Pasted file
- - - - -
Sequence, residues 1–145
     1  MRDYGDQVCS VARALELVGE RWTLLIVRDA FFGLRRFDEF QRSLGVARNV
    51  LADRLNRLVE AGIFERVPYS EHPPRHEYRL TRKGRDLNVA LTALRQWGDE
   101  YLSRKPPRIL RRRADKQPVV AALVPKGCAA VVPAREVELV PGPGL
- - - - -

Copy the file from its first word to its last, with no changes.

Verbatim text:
Sequence, residues 1–145
     1  MRDYGDQVCS VARALELVGE RWTLLIVRDA FFGLRRFDEF QRSLGVARNV
    51  LADRLNRLVE AGIFERVPYS EHPPRHEYRL TRKGRDLNVA LTALRQWGDE
   101  YLSRKPPRIL RRRADKQPVV AALVPKGCAA VVPAREVELV PGPGL